Navient is in consideration for the 2019 servicing contracts. In January, 2017, the CFPB and the attorneys general of Illinois and Washington filed lawsuits against Navient.  Among the allegations were that Navient did not adequately inform borrowers about more affordable income driven repayment plans, lost paperwork and misapplied payments. The lawsuit, the numerous complaints by individual student loan borrowers to the CFPB ombudsman, and the attendant negative publicity associated therewith, could not enhance their chances of being awarded a new contract. One would think.

But, the pushback is well under way.  About two weeks ago, the National Council of Higher Education Resources, one of the student loan industry’s main lobbyists, set letters to the House and Senate appropriations committees urging that Congress direct the DOE to look at the new servicing contracts to reduce unnecessary and burdensome requirements.  This week, Education Secretary DeVos rescinded the 2016 memoranda stating that the proposed contract process has been beset by moving deadlines, changing requirements and lack of consistent objectives.  DeVos emphasized that the DOE should create a loan servicing environment that provides the highest quality customer service while limiting the cost to taxpayers.  No details on what any of that means. Navient shares increased in value by 2% of the day of DeVos’s announcement.  So, Wall St. is betting on Navient being there when the smoke settles.

According to Rohit Chopra, the former student loan ombudsman at CFPB, the DeVos directive is a big win for companies that have run roughshod over borrowers.

What does this mean to the average student loan borrower?  There may be a restrictions on repayment plans.  But, if that happens, it will be down the line.  On a more practical level, servicers will be given a more free hand to aggressively pursuing student debt.  And don’t expect these servicers to be user friendly.

Our advice is to be pro-active, and to seek help early on in the process.

Straight Talk

It is spring break time.  So, you can expect to see stories about young people going to Florida, the Caribbean or Mexico to party.  Nothing new.  However, this year, there have been a slew of stories about students supposedly using their student loan money to fund the party.  A recent Forbes article by Kate Ashford stated that a recent poll of students indicated that 30.6% of students stated that they are using student loan money to help pay for spring break this year.

Why would students do that?  An Investor Business Daily editorial indicated that just under one-half of millennials believe that their student loans will be forgiven.  After all, Bernie Sanders advocated for forgiving student loans.

So, if the loan is forgiven, who is left with the bill?  The taxpayer.  Sometimes that approach may have some validity on a societal basis if the beneficiary is truly needy.  However, the bottomline is that people with a college degree or higher make significantly more money than people with only a high school degree.  So, in effect, the student loan borrowers looking for blanket amnesty are expecting less fortunate people to pay their debt.  Not going to work, especially considering the outcome of the election.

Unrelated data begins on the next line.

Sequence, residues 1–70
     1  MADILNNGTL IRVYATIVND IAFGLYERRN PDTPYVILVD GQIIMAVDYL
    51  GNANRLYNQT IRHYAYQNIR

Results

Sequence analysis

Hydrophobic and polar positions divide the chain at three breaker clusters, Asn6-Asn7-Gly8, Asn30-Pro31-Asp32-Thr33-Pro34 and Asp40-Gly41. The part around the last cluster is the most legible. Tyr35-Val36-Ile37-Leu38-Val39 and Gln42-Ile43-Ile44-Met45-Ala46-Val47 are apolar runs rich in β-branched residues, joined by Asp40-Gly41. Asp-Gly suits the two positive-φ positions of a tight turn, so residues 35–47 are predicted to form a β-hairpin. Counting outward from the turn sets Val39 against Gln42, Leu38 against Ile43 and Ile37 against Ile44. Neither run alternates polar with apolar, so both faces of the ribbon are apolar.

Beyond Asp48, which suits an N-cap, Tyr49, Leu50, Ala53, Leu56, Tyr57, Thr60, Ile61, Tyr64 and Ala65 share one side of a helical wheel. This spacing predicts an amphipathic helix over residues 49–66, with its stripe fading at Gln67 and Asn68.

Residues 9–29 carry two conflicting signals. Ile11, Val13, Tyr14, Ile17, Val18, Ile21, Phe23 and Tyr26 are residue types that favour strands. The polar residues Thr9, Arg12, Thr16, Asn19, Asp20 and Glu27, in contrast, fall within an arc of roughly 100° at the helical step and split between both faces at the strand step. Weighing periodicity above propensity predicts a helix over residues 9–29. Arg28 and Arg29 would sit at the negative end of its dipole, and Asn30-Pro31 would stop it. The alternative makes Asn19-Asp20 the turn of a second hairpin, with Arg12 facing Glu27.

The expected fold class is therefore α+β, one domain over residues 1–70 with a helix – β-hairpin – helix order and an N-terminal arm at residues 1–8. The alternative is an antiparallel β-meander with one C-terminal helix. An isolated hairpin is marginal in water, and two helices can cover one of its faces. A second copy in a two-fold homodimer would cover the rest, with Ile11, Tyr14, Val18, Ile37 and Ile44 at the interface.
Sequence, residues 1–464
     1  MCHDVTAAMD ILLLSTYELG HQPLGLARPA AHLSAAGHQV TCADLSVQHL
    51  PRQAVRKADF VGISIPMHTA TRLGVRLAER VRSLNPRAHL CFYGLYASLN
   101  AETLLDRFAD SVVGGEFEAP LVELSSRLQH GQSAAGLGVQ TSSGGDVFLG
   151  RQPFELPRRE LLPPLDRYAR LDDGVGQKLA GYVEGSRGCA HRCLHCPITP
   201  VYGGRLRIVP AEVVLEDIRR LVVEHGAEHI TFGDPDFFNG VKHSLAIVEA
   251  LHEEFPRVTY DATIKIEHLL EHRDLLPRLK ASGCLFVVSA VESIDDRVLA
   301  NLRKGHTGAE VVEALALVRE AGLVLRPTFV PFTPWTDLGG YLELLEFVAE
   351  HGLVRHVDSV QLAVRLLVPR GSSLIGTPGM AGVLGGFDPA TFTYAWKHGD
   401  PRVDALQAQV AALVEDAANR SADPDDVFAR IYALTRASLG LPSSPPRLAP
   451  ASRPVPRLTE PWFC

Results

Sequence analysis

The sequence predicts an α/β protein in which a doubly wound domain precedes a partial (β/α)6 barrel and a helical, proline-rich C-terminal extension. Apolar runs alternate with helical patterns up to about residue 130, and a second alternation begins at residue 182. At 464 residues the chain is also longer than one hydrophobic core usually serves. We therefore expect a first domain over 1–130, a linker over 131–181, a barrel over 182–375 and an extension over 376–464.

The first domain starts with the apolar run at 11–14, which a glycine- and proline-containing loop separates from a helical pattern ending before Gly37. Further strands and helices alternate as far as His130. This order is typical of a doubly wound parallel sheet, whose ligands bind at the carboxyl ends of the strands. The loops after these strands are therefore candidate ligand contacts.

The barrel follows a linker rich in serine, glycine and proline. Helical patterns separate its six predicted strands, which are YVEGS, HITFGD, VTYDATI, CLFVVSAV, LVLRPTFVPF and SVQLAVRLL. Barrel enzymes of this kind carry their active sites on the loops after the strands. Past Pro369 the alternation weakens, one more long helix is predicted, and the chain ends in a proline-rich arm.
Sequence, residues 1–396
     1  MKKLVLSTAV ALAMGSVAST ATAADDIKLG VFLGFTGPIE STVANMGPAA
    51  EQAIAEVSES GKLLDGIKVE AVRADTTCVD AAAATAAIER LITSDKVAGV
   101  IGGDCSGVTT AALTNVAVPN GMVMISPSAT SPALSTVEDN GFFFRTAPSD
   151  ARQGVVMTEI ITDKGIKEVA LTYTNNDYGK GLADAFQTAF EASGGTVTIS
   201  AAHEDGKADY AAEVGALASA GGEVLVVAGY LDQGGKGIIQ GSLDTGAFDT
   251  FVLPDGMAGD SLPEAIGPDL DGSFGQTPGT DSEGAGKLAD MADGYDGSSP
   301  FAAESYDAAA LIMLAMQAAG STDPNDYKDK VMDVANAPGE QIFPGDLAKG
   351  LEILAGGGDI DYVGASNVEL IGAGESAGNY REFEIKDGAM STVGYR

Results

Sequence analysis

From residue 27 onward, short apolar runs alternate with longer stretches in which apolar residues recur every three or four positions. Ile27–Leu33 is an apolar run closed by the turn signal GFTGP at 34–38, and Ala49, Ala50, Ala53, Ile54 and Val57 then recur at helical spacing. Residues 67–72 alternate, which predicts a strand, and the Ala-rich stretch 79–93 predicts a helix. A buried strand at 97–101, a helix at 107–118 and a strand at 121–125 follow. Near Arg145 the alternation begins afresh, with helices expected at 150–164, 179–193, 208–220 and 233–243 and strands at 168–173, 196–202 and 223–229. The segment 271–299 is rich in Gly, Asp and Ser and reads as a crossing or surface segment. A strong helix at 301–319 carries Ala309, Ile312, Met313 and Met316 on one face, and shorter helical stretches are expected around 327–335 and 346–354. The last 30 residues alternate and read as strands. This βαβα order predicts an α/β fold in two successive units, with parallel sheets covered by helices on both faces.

Lets get real.  Student debt is over a trillion dollars, and up 17% since 2013.  Student loan debt is rising at a rate 3 times inflation, and it is not getting better.  Moreover, on federal loans, the Department of Education has many nasty tools to insure that they are going to collect their money.  The loan is hardly ever dischargeable in bankruptcy, and the DOE can garnish your wages, grab part of your social security check and your full tax refund without even going to court.  Private lenders got all the benefits of non-dischargeability without having to make concessions to borrowers on repayment plans geared to income (Congress really dropped the ball on this one).   Borrowers are not going to get a political bailout, and face a daunting task if they default on either a federal, state or private loans.

Who do you turn to?  Your friendly servicer.  According to the government, the servicers are there to advise the student about the best way to deal with their students loans.  But many just push you into forbearances. In the short run, that may forestall payments.  However, the accrued interest is just added to your principal debt.  So, you leave forbearance owing more than you entered.  In January, the CFPB filed a 66 page complaint against Navient alleging, among other things, that Navient pushed federal loan borrowers with long term employment issues into forbearances instead of income driven plans.

Your student debt is not going to go away miraculously.  You are going to have to deal with it.  We are here to help.